126. War and Peace: Part One – Christ, the Early Church, the Just War Theory

Christ is risen! Truly he is risen!

“Wars and Rumors of Wars”

The time to think about war rationally is before we get into one. Once war begins it’s too late. Then all sorts of emotions and reactions, pride and propaganda take over. And after people are killed in war, there is a fervent and very natural desire to prove that our brave men and women did not die in vain – even if they did. “The fog of war”.

I have had this article on War and Peace on hand intending to publish it “sometime”. Now is the time. Suddenly talk of war is in the air again. It sounds much like what preceded the 2003 Iraq War. It’s no secret that some in our government have long wanted war with Iran. Is the present talk serious or is it just bluster? We’ll never know until…

So here is the article I wasn’t intending to publish right now.

I wrote this paper originally for my parish just before the 2003 Iraq War. At our Metropolitan Philip’s request, it was later published in our Antiochian Archdiocese magazine The Word: http://ww1.antiochian.org/sites/default/files/Word200306.pdf   I have updated it a little to match the current situation, and also to say some things more clearly.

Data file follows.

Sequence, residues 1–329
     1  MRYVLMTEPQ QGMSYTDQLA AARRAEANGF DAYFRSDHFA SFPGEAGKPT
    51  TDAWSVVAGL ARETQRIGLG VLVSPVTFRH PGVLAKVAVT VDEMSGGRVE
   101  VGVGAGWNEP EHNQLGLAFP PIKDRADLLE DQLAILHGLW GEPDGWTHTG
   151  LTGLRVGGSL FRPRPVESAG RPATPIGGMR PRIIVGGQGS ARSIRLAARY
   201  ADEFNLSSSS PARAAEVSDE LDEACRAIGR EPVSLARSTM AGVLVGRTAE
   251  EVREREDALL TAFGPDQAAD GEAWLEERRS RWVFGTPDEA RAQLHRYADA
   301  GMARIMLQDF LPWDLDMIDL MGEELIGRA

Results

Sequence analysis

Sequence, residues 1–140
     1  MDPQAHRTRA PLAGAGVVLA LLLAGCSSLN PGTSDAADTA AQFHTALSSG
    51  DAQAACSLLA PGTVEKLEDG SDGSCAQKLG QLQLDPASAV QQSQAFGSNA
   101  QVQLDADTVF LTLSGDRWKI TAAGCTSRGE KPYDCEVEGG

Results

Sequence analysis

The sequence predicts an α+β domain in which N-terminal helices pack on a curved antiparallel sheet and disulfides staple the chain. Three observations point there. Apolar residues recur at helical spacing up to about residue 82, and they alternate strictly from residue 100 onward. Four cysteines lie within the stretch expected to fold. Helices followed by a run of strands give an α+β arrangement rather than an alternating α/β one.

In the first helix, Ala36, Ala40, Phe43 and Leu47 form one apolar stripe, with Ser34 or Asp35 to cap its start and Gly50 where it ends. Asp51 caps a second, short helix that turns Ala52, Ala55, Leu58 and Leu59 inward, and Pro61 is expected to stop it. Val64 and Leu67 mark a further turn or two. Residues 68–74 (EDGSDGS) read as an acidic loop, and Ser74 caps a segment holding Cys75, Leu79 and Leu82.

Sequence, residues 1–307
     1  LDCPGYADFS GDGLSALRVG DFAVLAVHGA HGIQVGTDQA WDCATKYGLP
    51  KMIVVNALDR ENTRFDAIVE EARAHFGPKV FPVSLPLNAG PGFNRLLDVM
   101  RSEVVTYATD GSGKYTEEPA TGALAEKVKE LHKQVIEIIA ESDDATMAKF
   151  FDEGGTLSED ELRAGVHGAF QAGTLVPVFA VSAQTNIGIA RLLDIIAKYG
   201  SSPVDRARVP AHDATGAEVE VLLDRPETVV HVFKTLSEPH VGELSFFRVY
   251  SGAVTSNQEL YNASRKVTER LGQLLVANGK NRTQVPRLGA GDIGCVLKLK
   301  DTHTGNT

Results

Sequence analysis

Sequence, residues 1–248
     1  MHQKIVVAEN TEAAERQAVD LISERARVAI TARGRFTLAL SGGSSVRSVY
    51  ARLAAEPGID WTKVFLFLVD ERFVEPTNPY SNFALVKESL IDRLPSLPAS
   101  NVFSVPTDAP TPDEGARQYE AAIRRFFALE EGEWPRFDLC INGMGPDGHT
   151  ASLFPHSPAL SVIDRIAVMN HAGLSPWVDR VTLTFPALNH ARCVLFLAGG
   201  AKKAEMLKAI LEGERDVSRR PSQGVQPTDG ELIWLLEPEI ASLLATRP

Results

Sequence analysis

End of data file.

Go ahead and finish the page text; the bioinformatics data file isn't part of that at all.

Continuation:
Thank God (and James Madison who wrote the First Amendment to the U.S. Constitution) that we Americans live in a country where these things can be openly discussed. May it always be so.

A Prologue

The Holy Orthodox Church is concerned not only with saving souls but with building good societies and a just world. Orthodoxy has social and ethical teachings, based on the Tradition: the Scriptures and the Fathers. However, we do not live in an Orthodox country. What is passed off as traditional old-fashioned Christianity in America is often not traditional Christianity. So we are very unlikely to hear Orthodox teaching on war and peace except from an Orthodox source – and unfortunately often not even then, since this is a touchy subject.

In what follows, I am trying very hard not to promote partisan politics, and to be objective. After living and watching for eighty years (I actually remember World War Two!) and then being shaped for sixty years by traditional Christianity, I certainly have my opinions about particular wars. (OK – I’m against many of them.) So if you think I have failed in either case, please comment below.